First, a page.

“The flexible 5-axis machining centre, which was only installed by Haas in March 2014 and is the first one to be installed in South Africa by them, offers reduced set-up times and increased accuracy for multi-sided and complex parts. It comes with travels of 762 x 508 x 508mm and an integrated dual-axis trunnion table. The machine is equipped with an inline direct-drive, low-heat 40-taper spindle and comes standard with a 40+1 tool side-mount tool changer. The trunnion can position parts to nearly any angle for 5-sided (3+2) machining, or provide simultaneous 5-axis motion for contouring and complex machining. The machine provides +35 and -110 degrees of tilt and 360 degrees of rotation for excellent tool clearance and large part capacity.”
Reducing set-up time and machining time
“I went to visit the Haas Automation facility in Oxnard, California, USA two years ago and was introduced to the UMC-750, which at that stage was still in a protype and testing phase.”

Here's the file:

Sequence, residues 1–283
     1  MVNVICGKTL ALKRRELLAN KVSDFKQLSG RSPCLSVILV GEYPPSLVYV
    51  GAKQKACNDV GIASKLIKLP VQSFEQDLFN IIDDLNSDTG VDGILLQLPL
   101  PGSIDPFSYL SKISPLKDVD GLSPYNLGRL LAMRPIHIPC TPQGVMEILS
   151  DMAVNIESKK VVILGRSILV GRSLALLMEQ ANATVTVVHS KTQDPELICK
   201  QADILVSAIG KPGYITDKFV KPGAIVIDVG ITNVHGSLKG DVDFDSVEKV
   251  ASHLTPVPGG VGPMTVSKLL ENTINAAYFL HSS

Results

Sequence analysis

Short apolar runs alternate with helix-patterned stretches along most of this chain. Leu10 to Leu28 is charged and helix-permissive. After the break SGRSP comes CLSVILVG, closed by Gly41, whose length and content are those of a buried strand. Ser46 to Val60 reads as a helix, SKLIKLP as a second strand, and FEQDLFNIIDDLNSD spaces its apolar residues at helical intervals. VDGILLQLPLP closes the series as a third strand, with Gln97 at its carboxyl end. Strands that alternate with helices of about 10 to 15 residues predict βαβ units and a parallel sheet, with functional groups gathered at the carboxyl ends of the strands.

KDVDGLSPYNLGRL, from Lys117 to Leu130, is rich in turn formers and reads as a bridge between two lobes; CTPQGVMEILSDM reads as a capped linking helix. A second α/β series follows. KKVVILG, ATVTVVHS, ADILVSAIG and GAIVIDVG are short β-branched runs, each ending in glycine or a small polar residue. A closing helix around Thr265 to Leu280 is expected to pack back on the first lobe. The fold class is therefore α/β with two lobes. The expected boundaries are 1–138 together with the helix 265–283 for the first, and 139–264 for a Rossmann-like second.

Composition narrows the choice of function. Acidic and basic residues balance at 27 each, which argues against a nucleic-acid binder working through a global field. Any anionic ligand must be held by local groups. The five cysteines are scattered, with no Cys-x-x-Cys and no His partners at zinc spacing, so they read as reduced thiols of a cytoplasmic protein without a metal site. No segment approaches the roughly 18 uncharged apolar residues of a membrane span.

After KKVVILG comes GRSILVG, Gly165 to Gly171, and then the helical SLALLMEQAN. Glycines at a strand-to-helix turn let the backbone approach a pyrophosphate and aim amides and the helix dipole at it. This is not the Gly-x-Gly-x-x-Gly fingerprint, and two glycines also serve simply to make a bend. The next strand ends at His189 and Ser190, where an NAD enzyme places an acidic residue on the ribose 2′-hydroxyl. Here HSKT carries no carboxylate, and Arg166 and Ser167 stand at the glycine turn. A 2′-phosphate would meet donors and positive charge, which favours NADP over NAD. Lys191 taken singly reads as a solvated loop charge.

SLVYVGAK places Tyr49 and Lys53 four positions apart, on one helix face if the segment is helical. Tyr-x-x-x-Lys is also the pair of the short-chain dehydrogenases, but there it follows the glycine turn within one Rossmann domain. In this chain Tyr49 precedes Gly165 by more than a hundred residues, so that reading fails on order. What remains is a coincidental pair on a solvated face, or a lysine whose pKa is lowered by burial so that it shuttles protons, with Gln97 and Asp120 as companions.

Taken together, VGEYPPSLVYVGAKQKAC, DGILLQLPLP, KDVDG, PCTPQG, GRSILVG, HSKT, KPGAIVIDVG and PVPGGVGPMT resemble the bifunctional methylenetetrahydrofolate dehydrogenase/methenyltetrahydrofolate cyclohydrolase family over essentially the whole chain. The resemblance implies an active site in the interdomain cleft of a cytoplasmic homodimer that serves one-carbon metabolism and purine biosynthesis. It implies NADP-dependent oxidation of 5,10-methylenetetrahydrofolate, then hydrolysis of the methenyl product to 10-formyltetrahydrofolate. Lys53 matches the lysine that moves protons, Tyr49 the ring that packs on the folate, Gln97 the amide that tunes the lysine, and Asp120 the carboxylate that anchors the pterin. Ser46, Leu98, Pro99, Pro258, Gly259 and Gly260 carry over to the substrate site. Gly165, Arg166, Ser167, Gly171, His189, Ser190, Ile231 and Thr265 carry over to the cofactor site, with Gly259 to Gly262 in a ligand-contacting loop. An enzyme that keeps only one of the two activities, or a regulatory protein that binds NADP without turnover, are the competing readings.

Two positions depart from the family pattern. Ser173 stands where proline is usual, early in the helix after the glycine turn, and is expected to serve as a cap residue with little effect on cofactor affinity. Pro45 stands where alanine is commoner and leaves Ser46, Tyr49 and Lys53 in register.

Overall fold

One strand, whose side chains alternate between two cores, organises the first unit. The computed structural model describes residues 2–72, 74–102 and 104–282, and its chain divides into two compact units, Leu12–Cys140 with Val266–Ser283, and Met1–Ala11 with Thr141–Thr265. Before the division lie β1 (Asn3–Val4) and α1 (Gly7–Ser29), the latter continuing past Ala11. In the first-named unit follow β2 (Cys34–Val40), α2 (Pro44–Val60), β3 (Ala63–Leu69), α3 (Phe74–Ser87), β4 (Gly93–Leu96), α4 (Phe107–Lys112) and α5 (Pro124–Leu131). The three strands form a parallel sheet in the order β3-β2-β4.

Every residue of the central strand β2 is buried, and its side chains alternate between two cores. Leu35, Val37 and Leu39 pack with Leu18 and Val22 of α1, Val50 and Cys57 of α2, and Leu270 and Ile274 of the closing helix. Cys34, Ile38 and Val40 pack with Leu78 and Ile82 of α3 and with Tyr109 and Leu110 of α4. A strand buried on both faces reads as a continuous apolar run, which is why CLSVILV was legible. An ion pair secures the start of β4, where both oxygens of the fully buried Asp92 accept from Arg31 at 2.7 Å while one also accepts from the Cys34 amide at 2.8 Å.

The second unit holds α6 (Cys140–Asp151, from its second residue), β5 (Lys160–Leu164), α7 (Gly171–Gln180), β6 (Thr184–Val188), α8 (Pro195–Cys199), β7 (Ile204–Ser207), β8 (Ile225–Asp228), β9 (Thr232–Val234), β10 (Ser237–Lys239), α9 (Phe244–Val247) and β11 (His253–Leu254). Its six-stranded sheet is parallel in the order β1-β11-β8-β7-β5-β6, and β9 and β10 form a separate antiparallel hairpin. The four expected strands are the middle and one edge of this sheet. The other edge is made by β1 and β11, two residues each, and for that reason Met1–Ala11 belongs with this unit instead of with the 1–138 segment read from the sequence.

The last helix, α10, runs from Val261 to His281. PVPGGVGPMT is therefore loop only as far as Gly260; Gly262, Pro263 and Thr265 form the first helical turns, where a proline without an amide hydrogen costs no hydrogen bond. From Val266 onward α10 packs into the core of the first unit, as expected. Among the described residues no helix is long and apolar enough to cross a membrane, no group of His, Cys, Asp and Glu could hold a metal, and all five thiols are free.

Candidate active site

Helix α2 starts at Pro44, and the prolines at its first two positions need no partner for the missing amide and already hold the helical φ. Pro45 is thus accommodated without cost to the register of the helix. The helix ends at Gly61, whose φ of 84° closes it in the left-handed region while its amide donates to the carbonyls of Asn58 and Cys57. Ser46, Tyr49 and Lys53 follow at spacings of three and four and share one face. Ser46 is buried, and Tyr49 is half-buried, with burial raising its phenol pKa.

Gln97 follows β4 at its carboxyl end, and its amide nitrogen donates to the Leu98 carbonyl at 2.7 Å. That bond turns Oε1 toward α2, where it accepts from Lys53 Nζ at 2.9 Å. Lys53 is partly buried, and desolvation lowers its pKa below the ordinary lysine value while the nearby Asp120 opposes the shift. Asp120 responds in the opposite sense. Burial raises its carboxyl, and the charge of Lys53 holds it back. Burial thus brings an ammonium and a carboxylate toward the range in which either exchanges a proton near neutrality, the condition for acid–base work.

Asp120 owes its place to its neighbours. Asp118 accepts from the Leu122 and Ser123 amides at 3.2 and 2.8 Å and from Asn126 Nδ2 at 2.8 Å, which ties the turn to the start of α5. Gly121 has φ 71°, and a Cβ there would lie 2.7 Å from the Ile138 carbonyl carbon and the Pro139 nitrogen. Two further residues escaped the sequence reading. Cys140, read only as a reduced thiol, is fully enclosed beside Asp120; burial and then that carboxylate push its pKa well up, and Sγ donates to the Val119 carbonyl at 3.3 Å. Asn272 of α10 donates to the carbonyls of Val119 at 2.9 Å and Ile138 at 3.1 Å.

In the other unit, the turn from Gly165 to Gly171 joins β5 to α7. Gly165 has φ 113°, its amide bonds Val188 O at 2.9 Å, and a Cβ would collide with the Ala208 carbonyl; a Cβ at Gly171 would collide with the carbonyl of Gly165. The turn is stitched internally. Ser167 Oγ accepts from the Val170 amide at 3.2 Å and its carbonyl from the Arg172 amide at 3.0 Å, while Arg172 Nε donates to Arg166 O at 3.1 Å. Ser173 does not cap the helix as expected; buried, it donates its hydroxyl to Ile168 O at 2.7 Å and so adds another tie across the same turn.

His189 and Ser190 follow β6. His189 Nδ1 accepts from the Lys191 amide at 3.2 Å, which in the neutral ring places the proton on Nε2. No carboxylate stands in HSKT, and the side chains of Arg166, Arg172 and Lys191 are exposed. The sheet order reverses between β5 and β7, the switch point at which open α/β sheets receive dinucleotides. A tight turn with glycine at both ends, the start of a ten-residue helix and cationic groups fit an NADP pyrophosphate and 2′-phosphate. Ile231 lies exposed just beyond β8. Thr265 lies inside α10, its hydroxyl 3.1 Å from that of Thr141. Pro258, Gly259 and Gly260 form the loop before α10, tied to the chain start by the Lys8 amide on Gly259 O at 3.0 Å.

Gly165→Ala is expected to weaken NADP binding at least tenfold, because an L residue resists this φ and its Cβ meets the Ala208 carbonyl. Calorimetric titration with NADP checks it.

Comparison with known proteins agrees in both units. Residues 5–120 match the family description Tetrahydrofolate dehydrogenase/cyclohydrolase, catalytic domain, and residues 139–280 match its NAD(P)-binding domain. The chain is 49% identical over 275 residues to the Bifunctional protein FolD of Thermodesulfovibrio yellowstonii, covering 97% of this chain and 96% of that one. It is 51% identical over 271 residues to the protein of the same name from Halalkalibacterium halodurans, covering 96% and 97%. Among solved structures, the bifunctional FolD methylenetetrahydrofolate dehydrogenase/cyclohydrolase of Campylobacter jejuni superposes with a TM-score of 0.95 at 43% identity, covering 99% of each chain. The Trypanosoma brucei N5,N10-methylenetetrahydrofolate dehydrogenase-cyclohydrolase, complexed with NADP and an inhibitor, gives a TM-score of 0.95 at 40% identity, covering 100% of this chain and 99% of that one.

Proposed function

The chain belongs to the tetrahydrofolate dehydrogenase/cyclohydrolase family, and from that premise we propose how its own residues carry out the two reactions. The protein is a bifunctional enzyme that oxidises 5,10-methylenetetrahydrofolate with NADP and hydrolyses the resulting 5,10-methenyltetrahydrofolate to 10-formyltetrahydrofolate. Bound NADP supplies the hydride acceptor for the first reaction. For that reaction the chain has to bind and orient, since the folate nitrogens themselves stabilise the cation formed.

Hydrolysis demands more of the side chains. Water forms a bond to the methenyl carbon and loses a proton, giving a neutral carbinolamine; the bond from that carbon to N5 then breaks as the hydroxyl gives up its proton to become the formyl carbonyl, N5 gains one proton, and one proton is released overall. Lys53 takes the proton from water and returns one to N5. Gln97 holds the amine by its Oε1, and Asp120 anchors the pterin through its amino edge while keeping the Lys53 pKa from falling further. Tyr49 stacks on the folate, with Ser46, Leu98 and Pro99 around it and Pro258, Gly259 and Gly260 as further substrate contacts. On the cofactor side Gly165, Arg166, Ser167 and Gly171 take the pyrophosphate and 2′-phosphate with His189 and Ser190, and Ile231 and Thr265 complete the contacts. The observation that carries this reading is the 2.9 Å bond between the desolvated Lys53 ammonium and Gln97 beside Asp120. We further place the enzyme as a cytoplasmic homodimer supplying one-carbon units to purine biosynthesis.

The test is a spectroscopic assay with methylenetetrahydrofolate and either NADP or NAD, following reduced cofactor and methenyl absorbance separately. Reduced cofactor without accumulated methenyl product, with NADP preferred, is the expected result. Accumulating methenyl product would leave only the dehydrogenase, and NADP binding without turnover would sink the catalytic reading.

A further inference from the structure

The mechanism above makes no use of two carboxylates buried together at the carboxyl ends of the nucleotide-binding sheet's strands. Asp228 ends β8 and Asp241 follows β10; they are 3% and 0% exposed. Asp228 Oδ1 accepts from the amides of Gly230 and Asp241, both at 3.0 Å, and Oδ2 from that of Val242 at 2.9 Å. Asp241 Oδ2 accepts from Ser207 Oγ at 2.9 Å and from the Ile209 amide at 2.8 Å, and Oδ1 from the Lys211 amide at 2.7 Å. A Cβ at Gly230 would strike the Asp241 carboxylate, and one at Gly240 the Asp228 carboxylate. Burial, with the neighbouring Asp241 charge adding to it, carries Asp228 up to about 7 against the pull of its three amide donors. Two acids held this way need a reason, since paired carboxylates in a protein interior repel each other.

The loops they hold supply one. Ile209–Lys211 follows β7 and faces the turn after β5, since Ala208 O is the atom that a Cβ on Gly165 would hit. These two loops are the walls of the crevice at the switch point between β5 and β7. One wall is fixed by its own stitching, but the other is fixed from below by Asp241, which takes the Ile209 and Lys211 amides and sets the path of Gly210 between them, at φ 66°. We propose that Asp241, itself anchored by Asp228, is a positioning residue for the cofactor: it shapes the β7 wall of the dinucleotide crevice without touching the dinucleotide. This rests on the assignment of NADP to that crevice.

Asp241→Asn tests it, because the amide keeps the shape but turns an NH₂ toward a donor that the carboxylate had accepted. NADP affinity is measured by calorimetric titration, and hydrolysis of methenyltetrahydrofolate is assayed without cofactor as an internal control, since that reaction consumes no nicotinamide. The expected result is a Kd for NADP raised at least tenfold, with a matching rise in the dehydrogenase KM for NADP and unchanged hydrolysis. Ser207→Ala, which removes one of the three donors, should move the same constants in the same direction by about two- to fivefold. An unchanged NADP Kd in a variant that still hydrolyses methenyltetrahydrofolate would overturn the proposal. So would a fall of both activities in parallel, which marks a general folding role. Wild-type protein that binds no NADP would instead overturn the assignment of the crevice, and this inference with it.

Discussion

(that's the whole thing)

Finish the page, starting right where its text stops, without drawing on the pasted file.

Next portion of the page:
All CNC machines have their own Renishaw probe
“We have always adopted measures to keep the company viable and competitive, hence most of the machines have 4th axis capabilities and now we have invested in our first 5th axis machine. Included in our efforts in this area are special jig manufacture, compressed air clamping and the Haas Visual Quick Code Probing System, which includes both a high-resolution spindle probe and a contact tool setting probe.
“Reducing setup time is essential to reducing lead times, batch sizes and work-in-process levels. The company has worked hard to adopt quick change-over procedures in its machining operations. What sets this effort apart is that the company has exercised extraordinary discipline and persistence in this pursuit, striving to maintain a sense of urgency despite the lack of a glaring emergency. The results have been impressive.”
Warren’s Way Engineering has installed the Iscar automated tool dispensing (ATD) system, MATRIX, and standardized on Iscar tooling
“Reducing set-up time and machining time is a constant challenge but ultimately a must for any machine shop.”
“The UMC-750 fitted our requirements and the culture of the company so it did not take us long to make the decision to purchase one.”